The Marshall Scholarship program also encourages its recipients to engage deeply with British culture and society during their history.
“While I will certainly be taking advantage of the opportunities to travel throughout the U.K. and experience their culture and history, the opportunity to experience the mechanisms of their government and engage the community on their opinions of their own democracy certainly excites me the most,” Hueber said.
The Rhodes Scholarship has a more global focus. In addition to the 32 American students, it also invites 78 other scholars from around the world to the cohort, including students from several African countries, the Caribbean, Germany, China and Australia, among others. The hope is that this international cohort will, over their careers, collaborate to address global issues.
“I applied for these scholarships because ever since I was a little girl, I always knew that I wanted to explore the world and help it heal,” Darira said. “It excites me to study in a new country, especially because I aspire to create a global impact with my life.”
Espinoza said, “I’m excited about the thought of meeting and talking with my possible future classmates. I think the subjects and structures of my potential programs are so unique, and I get very excited imagining what discussions would be like.”
A community of support
In recent years, ASU has seen significant success in the Rhodes and Marshall scholarships competitions. In the 2021 cycle, Barrett West campus graduate Alexander Sojourney was awarded a Marshall Scholarship and will soon begin his studies in race and media studies at Goldsmiths, University London. He was preceded by Frank J. Smith in 2018 and Erin Schulte in 2017. In total, 19 ASU graduates have won Marshall Scholarships since the program’s inception in 1954.
In the past five years, ASU has produced two Rhodes Scholars, Ngoni Mugwisi in 2017 and Shantel Marekera in 2019. Both are from Zimbabwe and were MasterCard Foundation Scholars at ASU. Historically, ASU has produced five American Rhodes scholars, with the most recent being Phillip Ryan Mann in 2001.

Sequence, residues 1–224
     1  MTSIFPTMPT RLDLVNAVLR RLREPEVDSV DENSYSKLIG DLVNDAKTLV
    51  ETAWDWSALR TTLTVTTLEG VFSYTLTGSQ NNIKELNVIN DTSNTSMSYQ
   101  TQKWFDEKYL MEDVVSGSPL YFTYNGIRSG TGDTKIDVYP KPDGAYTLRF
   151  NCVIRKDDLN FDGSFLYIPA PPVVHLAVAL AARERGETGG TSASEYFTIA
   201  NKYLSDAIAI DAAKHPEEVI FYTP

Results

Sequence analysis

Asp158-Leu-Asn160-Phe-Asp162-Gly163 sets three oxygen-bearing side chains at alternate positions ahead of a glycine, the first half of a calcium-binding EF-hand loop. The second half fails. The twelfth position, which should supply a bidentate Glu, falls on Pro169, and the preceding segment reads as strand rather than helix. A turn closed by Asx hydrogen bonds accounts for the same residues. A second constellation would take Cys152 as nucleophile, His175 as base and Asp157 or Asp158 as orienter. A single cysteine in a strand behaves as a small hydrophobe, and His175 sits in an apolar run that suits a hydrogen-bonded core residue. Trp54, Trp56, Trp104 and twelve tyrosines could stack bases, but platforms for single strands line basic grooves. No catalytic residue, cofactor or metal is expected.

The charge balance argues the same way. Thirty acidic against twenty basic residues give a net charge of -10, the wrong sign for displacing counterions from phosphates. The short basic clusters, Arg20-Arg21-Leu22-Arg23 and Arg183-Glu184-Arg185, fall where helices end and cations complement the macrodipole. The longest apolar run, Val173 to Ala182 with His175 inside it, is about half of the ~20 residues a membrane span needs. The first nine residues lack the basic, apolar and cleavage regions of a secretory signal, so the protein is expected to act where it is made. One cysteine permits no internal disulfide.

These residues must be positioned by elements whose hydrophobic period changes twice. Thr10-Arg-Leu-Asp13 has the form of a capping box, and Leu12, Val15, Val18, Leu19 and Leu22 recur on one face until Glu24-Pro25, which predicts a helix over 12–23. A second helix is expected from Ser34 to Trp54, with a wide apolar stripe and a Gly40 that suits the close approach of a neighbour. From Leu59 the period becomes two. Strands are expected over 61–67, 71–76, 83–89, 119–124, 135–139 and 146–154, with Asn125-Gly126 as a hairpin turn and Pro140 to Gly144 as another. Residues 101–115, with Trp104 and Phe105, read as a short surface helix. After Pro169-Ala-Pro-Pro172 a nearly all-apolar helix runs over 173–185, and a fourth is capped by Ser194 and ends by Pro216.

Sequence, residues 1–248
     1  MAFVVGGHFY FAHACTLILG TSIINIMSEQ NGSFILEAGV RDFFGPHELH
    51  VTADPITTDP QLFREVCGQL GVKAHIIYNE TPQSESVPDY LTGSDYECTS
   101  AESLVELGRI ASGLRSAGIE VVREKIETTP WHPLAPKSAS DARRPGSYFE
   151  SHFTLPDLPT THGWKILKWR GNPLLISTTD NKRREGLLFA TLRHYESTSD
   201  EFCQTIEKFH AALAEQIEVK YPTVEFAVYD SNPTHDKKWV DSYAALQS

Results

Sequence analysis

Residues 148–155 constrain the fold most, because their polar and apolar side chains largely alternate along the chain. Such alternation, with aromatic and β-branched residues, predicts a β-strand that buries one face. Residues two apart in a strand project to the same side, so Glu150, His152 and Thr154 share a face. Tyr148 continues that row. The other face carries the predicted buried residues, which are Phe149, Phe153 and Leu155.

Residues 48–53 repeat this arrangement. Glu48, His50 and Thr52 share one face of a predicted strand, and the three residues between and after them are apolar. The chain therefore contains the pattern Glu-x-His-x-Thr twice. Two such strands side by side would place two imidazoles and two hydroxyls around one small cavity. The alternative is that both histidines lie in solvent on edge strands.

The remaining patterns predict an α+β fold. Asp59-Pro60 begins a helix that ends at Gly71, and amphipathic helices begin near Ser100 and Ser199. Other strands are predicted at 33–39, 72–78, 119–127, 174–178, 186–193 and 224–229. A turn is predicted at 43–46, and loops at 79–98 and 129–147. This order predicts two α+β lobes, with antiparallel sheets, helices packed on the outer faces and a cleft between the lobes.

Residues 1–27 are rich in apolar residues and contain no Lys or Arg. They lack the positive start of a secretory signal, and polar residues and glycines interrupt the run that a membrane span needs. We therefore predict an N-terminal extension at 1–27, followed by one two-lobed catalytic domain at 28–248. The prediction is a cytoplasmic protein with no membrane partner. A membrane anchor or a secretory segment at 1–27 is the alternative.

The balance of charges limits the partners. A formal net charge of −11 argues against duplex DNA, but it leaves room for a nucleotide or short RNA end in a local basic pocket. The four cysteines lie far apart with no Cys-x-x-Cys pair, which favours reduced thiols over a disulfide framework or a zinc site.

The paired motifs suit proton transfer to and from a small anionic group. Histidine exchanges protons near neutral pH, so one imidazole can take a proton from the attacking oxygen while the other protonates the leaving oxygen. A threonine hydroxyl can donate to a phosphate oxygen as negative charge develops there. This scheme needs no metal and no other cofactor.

“Much of our recent success is the result of the community of support ASU promotes,” Mox said. “Our world-class staff and faculty put their all into helping our students succeed. And one of the most important resources for candidates are their peers. At many campuses, these students might see themselves as competing against one another — at ASU, they lift each other up.”
The nominees themselves are eager to offer advice to their fellow ASU students who are trying to decide whether to apply for a major fellowship.
“Start the application process early,” Tobin advised. “When it comes to developing each component of your application and understanding how all parts come together to form a comprehensive package, time is your most important asset.”
One of the most common obstacles is a lack of self-confidence.
“My advice for a younger student considering one of these scholarships is to not count yourself out,” Hueber said. “I faced a lot of imposter syndrome throughout the application process, asking myself whether my resume was good enough or whether my having been a community college student would be looked down upon, and I'm so grateful I pushed through and applied.”
Overthinking can also paralyze applicants, who may feel the pressured to produce a “perfect” application.
“To students who are considering these fellowships in the future, just get started,” Reitzel said. “Remember that it is impossible to edit a blank page and that the art of writing is rewriting.”
Kha said, “There are steps you can take to put yourself in a better position to apply for these fellowships. But ultimately nothing is guaranteed. So, trust yourself and do whatever excites you. If you work hard and believe your application truly represents you, you can be confident during the process knowing that not advancing probably means the organization wasn't the best fit.”
Taylor said. “My advice to a younger student considering a fellowship like the Marshall Scholarship is to go for it and not to doubt yourself or your abilities. Remind yourself that every step you’ve taken along the way at Arizona State University and every life experience has led you to this moment.”